20.109(F11):Katie Vogel and Tonia Tsinman

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Altering Sodium Uptake in Plant Cells For Increased Salinity Tolerance

Our Idea It's well known that most of the water on our planet is stored in the form of salt water found in oceans. Plants and animals, however, can only survive by using a fresh water source, which is a much smaller percentage of the total water supply. Hence, recent research has focused on increasing the tolerance of plant cells to salinity. A design of an effective technique to accomplish such a goal holds great promise, as this would mean that we could potentially re-engineer common crops such that they could be watered using salt water! Moreover, high soil salt concentration remains one of the primary reasons for why land cannot be used for agricultural purposes. Thus, genetically engineering plants to grow in places with high salt concentration holds great promise for increased productivity and efficiency of the agricultural industry.

Thus far, several approached to re-engineering plant cells have been taken. One path has been to screen plant germplasts in vitro for salinity tolerance and mate more tolerant plants together to produce offspring that are increasingly better at growing in water with increasing concentrations of salt. This research proposal focuses on utilizing the second approach, namely the creation of mutant cell lines and the generation of plant cells from the desired mutants. Specifically, we want to use the approach we applied to the bacterial photography system optimization, and set up a mutant screen to look for decreased uptake of sodium ions in plant cells.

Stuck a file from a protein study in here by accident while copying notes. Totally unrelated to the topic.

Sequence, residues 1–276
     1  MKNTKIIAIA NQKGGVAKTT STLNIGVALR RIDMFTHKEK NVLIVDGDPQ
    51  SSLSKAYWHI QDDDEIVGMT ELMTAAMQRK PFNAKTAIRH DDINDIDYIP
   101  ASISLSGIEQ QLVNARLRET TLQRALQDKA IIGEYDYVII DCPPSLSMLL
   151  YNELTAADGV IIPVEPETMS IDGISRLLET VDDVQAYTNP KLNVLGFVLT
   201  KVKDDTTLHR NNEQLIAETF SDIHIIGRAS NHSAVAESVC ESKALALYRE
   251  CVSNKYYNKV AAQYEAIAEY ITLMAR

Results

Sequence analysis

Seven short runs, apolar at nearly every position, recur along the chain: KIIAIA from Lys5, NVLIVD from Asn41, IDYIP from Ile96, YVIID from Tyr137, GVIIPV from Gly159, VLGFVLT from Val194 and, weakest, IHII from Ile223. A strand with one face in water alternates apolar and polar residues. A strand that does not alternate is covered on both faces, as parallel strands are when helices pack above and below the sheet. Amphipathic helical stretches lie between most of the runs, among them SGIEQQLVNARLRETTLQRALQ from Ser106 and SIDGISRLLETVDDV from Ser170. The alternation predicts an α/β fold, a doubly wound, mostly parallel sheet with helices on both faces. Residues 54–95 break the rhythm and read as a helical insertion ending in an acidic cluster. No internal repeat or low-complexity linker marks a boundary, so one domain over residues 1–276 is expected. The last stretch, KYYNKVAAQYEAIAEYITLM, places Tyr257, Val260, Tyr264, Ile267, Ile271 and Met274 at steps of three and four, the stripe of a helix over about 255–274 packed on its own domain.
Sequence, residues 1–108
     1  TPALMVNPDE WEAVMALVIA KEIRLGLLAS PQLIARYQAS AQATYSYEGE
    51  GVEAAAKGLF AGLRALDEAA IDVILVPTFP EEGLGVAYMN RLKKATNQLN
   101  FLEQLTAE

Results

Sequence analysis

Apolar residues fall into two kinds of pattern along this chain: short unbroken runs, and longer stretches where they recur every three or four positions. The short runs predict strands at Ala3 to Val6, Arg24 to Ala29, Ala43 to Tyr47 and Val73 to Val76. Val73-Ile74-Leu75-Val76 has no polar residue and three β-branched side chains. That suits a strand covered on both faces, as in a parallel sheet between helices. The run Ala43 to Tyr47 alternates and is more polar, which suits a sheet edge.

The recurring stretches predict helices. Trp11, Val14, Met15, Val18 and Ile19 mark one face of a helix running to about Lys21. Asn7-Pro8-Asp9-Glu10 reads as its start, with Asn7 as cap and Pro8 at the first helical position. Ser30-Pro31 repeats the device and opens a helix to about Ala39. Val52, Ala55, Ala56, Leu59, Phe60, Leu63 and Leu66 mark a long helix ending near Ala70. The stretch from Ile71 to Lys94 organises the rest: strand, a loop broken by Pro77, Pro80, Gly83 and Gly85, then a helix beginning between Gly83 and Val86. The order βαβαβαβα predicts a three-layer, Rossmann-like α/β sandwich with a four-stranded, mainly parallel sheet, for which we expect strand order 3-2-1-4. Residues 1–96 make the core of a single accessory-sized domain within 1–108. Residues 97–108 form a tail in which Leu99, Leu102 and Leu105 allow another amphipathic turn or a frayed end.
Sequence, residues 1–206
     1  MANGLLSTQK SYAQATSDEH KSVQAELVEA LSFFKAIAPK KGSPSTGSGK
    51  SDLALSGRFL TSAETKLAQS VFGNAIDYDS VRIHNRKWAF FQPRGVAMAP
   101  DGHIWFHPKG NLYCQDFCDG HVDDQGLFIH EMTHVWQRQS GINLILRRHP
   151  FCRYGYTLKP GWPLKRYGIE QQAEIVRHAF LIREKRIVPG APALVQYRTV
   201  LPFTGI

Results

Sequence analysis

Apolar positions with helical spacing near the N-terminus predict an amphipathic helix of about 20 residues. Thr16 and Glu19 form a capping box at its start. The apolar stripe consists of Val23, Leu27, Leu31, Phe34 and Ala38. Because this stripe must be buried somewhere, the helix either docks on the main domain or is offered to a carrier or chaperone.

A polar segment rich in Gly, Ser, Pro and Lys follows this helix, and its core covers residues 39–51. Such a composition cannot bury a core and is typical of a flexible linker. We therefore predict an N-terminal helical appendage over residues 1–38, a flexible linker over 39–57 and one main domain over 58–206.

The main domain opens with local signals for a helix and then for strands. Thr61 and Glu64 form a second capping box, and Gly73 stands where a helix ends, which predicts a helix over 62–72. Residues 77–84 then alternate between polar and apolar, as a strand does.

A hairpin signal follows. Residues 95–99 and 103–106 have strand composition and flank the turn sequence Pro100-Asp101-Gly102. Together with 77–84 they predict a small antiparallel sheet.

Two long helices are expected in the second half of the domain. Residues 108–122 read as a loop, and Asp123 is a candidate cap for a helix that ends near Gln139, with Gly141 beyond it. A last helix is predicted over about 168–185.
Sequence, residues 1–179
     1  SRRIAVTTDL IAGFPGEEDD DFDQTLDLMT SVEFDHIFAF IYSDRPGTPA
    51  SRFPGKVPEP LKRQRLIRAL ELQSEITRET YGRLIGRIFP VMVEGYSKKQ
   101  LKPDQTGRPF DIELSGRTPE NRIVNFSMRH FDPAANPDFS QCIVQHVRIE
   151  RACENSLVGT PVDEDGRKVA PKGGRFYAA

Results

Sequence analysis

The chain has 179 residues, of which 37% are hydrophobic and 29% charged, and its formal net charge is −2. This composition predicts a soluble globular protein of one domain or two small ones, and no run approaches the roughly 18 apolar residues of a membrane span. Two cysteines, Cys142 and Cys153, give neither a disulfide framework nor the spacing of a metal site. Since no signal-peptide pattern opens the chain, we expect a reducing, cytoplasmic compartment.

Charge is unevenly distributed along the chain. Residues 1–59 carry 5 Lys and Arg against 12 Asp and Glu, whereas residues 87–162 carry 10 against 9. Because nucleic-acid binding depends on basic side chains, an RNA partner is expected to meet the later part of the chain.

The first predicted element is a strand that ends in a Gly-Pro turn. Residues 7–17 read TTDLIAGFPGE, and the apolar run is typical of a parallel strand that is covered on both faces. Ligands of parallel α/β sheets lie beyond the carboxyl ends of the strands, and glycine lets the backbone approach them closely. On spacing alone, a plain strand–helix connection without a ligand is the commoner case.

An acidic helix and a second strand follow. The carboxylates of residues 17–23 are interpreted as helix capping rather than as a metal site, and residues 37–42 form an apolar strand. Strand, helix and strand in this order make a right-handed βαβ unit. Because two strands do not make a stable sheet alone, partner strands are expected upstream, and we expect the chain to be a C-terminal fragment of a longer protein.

In order to accomplish this, the pathway of sodium uptake at the roots of cells is needed and is shown below: Viewer.png

Given the mechanisms of the pathway, two options could potentially limit Na+ input. 1. Inhibition of the HKT1 Na+ transporter. We would have to do more research on the structure of this transporter, but more research needs to be done to examine which residues are key to the transporter function. Using site directed mutagenesis, the transporter can be blocked and uptake of Na+ could be limited. [1]

2. Altering the kinasing activity of Salt overly sensitive(SOS) transduction pathway. SOS3 activates SOS2, a kinase responsible for activating the SOS1 plasma membrane pump responsible for expelling Na+. Research could be done to increase the kinasing activity of SOS2 and examine if the plant cell could tolerate higher salinity with a more active Na+ pump. [2]

Predictions and Problems

If everything is completely successful, the inactivation of one of these should cause reduced uptake of Na+, making cells more saline tolerant. However, altering HKT1 could lead to problems with the cell maintaining proper turgor pressure at all times, even when the cell is not in a state of saline stress. SOS2 regulates NHX1, which is responsible for vacuole sodium balance. Modifying SOS2 could possibly effect osmotic regulation of the vacuole. Also, unlike two component signaling systems, which are responsible for saline resistance in rice, modifying a signaling cascade could cause unknown adverse effects that we cannot be predicted due to the complexity of the signaling cascade.